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Time to Comply with the EU’s General Data Protection Regulation

Even though all companies doing business with residents of the European Union (EU) will need to comply with its General Data Protection Regulation (GDPR) by May 25, 2018, most will miss that deadline, according to a recent survey of corporate tech decision makers conducted by Crowd Research Partners.

The study also found that only 7% of companies report being in compliance with the regulation that requires substantial protection for the personal data of EU residents. The regulations also specify that EU residents need to be notified if that data is breached. Moreover, 28% have not even begun the work to be GDPR compliant by the deadline, the research found.

The high cost of GDPR compliance is likely one reason for corporate inaction. According to respondents to PwC’s survey of thousands of businesses that operate in the EU, over three in four (77%) companies plan to allocate $1 million or more on GDPR readiness and compliance efforts – with 68% saying they will invest between $1 million and $10 million and 9% expecting to spend over $10 million to address GDPR obligations.

However, ignoring GDPR Compliance can bring stiff fines from EU officials: Penalties can run as high as 4% of an enterprise’s worldwide financial revenue. Those working to be compliant are investing resources in initiatives that include Privacy Shield and binding corporate rules and modelling contracts for EU cross-border compliance. contracts for EU cross-border compliance. They are also centralizing data centers in Europe and de-identifying European data to reduce their GDPR risk exposure.

Businesses affected by the GDPR specifically include all companies that do business in the EU; companies that process the data of EU residents with more than 250 employees; and companies with less than 250 employees whose data processing rights impact the rights and freedoms of data subjects on a more than occasional basis and include certain types of sensitive personal data, in other words, any company that does business with EU resident in any shape or form.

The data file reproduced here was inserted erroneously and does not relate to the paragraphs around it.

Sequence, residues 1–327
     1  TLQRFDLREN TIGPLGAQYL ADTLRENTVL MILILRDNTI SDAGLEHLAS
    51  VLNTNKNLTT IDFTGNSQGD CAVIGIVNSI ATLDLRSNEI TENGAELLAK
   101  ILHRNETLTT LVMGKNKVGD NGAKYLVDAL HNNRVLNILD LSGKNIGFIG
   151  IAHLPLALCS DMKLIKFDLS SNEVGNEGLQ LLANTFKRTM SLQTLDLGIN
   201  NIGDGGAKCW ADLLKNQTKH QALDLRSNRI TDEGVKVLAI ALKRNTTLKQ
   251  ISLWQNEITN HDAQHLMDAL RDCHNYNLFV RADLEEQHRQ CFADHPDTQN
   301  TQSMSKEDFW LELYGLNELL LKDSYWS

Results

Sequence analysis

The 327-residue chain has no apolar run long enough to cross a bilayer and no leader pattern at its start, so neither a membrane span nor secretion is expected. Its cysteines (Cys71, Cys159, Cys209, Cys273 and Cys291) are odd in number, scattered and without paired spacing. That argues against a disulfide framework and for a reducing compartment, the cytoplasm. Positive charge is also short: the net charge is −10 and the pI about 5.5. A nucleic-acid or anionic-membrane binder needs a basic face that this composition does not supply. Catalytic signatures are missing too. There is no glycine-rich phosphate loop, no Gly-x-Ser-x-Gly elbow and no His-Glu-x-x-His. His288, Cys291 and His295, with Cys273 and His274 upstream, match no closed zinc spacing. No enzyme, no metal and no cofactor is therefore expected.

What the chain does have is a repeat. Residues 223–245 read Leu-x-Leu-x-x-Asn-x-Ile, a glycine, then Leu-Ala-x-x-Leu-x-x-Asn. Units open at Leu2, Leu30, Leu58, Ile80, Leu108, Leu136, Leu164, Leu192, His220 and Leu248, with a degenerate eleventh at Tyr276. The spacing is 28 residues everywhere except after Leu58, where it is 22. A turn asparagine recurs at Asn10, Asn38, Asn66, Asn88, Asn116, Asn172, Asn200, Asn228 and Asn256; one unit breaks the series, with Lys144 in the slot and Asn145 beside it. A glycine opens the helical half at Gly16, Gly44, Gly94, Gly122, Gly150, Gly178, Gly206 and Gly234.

The type of identity information the GDPR requires businesses to protect includes name, address and ID numbers; web data such as location, IP address, cookie data and RFID tags; health and genetic data; biometric data; racial or ethnic data; political opinions; and sexual orientation.

GDPR Compliance also specifies the roles that are responsible for ensuring compliance as the data controller, data processor, and the data protection officer. The data controller defines how personal data is processed and the purposes for which it is processed. The controller is also responsible for making sure that outside contractors comply.

In addition, companies need to make certain that their data management vendors are compliant. The EU considers vendors an extension of the companies they work with for the purpose of gathering, storing and protecting their data and managing data breaches. This means that all company contracts with vendors of this type must be updated to reflect that systems and practices have been put in place to comply with the GDPR. As with individual businesses’ contracts, these vendor contracts need to define consistent processes for how data is managed and protected, and how breaches are reported.

“Organizations should not see [GDPR compliance] as just a regulatory compliance program,” said Peter Gooch, cyber risk services partner at Deloitte. “Having the right privacy requirements embedded into an overall customer engagement strategy can also be a competitive advantage. All businesses rely on consumer loyalty. A breach can put the company’s existence at risk.”

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